We covered the Court of Appeal’s judgment in the case of Sheehan v State Rail Authority; Wicks v State Rail Authority  NSWCA 261 in our March 2010 edition. In that decision, the Court of Appeal dismissed the appeal made by the policemen, and made a determination that there was no need to decide whether a duty of care was owed by the State Rail Authority (State Rail) under section 30 of the Civil Liability Act 2002 (NSW) (the Act) to the two officers who came upon the aftermath of the Waterfall train disaster on 31 January 2003. Nor did the Court of Appeal find it necessary to decide whether the policemen suffered a recognisable psychiatric injury of which State Rail was the cause.
On 16 June 2010, the High Court of Australia disagreed on both points (Wicks v State Rail Authority of New South Wales; Sheehan v State Rail Authority of New South Wales (2010) 267 ALR 23), set aside the Court of Appeal’s decision and remitted the matter once more in order that a determination be made on these two issues.
On 31 January 2003, a passenger train operated by State Rail came off the tracks at high speed near Waterfall Station south of Sydney. Serving members of the NSW Police Force and the appellants in the High Court, Sheehan and Wicks, were among the first to arrive at the scene. All involved in the litigation classed the respondents as “rescuers”, and they were confronted with gruesome scenes of death and injury at the site of the derailment. As a result, they claimed to have suffered a recognisable psychiatric injury and claimed compensation.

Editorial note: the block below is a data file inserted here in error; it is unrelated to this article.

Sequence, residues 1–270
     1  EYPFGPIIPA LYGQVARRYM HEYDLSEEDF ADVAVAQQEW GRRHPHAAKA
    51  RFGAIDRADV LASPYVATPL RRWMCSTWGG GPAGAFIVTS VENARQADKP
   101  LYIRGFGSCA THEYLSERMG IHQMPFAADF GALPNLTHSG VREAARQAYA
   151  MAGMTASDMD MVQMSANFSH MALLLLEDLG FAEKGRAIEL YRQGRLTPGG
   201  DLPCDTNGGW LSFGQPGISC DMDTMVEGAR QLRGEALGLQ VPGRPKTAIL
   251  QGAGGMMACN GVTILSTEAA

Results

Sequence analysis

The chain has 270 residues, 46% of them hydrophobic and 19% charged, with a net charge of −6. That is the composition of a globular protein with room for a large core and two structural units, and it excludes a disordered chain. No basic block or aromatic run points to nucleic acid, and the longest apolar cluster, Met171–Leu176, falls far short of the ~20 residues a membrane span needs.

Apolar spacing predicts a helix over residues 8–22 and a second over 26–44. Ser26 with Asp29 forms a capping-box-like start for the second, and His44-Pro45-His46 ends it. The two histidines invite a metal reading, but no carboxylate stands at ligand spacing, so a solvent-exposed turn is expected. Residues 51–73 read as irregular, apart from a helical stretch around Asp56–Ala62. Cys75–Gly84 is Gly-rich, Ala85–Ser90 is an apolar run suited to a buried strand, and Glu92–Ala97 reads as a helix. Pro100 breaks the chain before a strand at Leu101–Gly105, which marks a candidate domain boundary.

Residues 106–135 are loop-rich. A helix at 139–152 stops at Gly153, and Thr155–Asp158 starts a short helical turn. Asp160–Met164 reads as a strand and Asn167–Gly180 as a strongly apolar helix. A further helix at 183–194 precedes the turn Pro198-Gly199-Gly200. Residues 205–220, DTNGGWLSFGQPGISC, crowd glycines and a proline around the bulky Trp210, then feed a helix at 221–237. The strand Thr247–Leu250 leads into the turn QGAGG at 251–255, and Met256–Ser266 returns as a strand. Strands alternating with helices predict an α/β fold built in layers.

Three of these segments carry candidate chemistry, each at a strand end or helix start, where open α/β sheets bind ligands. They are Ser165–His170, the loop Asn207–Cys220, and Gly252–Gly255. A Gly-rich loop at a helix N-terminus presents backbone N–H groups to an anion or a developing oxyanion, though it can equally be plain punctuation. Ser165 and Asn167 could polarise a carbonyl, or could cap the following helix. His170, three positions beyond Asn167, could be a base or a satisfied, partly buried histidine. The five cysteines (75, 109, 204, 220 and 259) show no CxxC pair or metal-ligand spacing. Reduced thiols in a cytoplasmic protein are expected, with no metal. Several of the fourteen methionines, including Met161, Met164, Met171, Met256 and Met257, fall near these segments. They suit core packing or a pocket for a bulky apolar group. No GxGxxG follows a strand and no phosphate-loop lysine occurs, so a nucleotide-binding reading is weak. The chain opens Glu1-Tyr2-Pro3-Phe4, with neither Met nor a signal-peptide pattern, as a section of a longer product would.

A number of issues were to be decided at first instance (the police officers chose to have separate hearings on the same matter), most importantly:
- Did the defendant owe the plaintiff, a rescuer, a duty of care?
- Did the plaintiff witness, at the scene, victims of the derailment, being killed, injured or put in peril, in accordance with section 30(2) of the Act?
- Did the plaintiff’s attendance at the derailment cause him to suffer a recognised psychiatric illness? If so, what was the nature of that illness?
- What was the plaintiff’s entitlement to damages?
At first instance, Associate Justice Malpass of the Supreme Court of NSW concluded that liability was not established and directed that judgment be entered in favour of State Rail. The Court of Appeal dismissed the appeal made by the police officers. In both instances, the judgments stated that in order to consider whether State Rail had any liability, the plaintiffs first had to prove that they “witnessed, at the scene, the victim being killed, injured or put in peril” within the meaning of section 30(2).
In a joint judgment, the High Court disagreed and said that State Rail’s liability should not be decided by section 30(2) in isolation, but rather within the context of the whole of Part 3 of the Act.
Their Honours first looked at section 27 and identified that the appellants claimed pure mental harm, which is defined as “mental harm other than consequential harm”. Following from this, section 28(1) provides that Part 3 (except section 29), applies “to any claim for damages for mental harm resulting from negligence, regardless of whether the claim is brought in tort, in contract, under statute or otherwise”. Therefore, by operation of section 28, the High Court found that Part 3 applied to the appellants.